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Fish Drying

CFW produces drying equipment with close temperature and air speed control for a variety of applications, including fish drying. Our experience with air technologies has led to continuous improvements in our products.

dried fish on white background

CFW's experience with industrial and commercial drying systems has enabled us to offer equipment that is:

  • Cost effective and simple to operate
  • Energy efficient
  • Capable of even drying, with well-distributed airflows
  • Accurate in supplying air of the desired temperature and humidity
  • Reliable, with robust construction
  • Minimises odour nuisances
Fish drying helps to preserve it by slowing down, or even stopping, deterioration from many chemical processes and microorganisms. Drying alone is not enough to stop oxidation. Mechanical fish drying has many advantages:
  • Minimising product contamination from dust, rain, or insect infestation
  • Reducing the risk of spoilage from microbial or enzymatic activity
  • The product is concentrated, reducing transport costs
  • Faster total drying times
  • More consistent production speeds and quality

A variety of equipment is used for fish drying. This includes cabinet, kiln, solar tent, tunnel and spray driers. Heated-air drying of fish has employed temperatures varying from 25-50 °C. With drying temperatures that are higher, the fish tends to cook. While uncooked fish can be dried to internal moistures of as low as 11%, cooking causes fish to begin losing its integrity at moisture levels below 30%, causing it to disintegrate when handled. Temperatures should generally be kept below 30 °C for temperate marine fish and 45 °C for tropical marine fish.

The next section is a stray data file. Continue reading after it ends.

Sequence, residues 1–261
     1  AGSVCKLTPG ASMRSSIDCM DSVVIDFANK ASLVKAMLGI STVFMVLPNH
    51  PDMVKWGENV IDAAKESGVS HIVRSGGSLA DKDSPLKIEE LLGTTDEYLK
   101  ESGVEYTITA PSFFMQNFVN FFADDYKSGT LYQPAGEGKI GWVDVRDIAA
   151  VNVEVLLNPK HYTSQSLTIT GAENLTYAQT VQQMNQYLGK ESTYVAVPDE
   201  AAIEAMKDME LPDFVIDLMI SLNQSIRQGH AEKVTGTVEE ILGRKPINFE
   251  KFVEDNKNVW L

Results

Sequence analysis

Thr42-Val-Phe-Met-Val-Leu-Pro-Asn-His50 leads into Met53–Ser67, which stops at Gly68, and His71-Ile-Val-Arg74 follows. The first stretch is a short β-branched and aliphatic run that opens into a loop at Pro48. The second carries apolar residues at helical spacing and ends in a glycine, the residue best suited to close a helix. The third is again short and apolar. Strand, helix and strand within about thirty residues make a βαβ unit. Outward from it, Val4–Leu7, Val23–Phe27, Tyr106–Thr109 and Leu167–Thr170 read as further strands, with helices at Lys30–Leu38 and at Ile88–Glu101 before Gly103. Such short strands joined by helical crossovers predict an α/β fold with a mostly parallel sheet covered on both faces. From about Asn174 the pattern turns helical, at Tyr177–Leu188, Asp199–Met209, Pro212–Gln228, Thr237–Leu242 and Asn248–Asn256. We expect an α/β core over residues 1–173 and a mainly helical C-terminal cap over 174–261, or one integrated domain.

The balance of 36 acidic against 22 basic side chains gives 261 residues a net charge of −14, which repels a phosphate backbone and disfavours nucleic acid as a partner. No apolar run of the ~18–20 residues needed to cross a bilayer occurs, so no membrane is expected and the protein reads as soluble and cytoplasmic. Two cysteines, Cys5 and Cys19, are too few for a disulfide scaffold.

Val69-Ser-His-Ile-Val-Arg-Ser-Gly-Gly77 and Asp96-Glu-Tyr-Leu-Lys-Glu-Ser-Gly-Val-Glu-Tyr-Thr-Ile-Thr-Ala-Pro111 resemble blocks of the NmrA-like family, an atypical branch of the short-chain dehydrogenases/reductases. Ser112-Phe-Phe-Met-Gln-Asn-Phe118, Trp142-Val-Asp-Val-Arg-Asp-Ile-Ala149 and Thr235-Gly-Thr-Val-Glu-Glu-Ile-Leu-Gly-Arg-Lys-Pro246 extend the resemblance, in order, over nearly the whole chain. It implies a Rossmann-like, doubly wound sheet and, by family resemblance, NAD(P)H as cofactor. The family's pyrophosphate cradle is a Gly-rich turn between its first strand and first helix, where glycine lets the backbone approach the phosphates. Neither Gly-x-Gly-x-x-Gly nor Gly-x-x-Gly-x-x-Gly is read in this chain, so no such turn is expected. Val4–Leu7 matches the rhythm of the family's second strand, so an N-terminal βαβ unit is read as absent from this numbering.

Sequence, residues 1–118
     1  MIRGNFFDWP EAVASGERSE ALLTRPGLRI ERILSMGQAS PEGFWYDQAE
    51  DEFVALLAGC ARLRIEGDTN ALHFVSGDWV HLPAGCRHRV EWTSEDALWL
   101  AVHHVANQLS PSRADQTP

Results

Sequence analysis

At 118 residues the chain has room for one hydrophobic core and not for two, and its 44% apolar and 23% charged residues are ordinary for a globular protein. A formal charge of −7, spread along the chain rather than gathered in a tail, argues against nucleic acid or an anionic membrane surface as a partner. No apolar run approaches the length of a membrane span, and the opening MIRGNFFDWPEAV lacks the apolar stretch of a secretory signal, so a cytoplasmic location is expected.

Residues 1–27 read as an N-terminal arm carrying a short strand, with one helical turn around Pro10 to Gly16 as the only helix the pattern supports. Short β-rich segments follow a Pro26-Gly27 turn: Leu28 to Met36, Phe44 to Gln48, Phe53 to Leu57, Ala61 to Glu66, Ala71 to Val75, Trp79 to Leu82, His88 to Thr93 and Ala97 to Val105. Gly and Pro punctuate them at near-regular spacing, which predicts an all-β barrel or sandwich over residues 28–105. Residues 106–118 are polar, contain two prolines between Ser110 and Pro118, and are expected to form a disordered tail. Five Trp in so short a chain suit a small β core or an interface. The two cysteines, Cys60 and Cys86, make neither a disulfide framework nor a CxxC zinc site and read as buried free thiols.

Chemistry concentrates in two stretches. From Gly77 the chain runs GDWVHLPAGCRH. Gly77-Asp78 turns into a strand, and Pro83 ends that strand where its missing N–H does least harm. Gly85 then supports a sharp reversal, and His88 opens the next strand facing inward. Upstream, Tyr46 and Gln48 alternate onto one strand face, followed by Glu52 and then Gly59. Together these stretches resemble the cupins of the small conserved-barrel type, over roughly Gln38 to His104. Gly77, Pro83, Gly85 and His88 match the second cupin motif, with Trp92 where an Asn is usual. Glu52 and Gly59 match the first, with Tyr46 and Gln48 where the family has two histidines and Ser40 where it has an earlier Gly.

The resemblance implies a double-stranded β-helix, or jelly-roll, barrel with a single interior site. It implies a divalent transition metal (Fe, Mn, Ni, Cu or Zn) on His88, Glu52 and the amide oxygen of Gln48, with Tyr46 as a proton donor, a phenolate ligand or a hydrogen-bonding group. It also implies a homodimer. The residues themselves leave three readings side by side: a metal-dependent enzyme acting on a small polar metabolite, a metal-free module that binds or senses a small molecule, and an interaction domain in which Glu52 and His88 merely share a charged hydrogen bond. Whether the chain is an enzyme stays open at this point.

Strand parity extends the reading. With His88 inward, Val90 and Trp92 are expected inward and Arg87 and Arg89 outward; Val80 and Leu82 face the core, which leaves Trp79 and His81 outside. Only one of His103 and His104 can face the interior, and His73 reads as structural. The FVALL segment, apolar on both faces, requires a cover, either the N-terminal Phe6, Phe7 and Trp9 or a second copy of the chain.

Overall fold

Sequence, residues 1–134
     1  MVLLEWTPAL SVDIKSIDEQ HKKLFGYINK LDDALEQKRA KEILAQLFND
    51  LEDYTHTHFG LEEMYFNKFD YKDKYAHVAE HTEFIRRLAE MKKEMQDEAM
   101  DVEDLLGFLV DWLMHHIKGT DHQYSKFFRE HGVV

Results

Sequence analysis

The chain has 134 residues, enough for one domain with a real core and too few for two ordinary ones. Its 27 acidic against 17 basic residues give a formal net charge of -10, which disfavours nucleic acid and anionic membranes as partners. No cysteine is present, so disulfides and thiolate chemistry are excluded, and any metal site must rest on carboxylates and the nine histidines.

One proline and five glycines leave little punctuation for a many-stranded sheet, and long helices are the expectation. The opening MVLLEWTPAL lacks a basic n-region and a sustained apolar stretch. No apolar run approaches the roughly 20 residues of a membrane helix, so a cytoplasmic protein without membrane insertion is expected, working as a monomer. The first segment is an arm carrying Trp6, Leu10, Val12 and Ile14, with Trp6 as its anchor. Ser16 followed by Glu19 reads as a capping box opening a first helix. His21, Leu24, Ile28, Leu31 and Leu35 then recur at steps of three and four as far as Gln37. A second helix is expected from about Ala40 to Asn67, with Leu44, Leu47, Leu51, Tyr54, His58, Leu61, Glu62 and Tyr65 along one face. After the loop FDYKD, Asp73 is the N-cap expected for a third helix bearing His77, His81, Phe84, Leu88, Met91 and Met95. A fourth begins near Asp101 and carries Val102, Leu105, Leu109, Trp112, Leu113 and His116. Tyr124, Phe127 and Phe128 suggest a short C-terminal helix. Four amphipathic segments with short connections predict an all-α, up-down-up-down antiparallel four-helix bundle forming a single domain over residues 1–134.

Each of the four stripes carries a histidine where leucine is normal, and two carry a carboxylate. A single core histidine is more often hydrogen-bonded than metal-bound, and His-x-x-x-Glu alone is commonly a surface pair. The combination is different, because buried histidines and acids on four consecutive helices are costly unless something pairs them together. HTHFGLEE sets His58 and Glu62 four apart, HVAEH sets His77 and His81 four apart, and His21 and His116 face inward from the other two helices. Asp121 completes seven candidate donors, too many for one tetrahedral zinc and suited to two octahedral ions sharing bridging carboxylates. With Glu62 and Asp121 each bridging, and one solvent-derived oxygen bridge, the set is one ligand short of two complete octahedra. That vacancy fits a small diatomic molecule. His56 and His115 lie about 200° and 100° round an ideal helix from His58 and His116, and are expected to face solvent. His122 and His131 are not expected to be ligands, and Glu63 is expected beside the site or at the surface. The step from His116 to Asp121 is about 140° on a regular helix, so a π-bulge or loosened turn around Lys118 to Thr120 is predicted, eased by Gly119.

During the initial stage of drying – the constant-rate drying period - the surface of the fish is moisture-saturated at the wet-bulb air temperature and it dries at a constant rate. When the surface gets dry, evaporation continues from inside the fish. During this falling-rate drying period, the rate of ambient air flow becomes less important, so that the rate of drying slows. Drying stops when the moisture in the fish is at equilibrium humidity, a variable which is itself dependent on the relative humidity of the ambient air. The low temperatures needed for heated-air drying mean that diffusion from the inner part of the fish to the surface remains relatively slow, so that drying times remain long.

However, systems programmed to raise temperatures progressively through the drying process instead of keeping temperatures constant can accelerate drying. In these systems, a maximum temperature of up to 115 °C is reached towards the end of the drying process without cooking the fish.

The use of low initial temperatures for drying fish has also led producers to employ desiccant dehumidifiers.

Fish drying can be done throughout the year and in all weathers by using indoor hot-air systems, making it possible to export shipments regularly. This method also takes much less time, resulting in reduced risks of microbial and insect contamination, and results in a product with consistent moisture content and quality.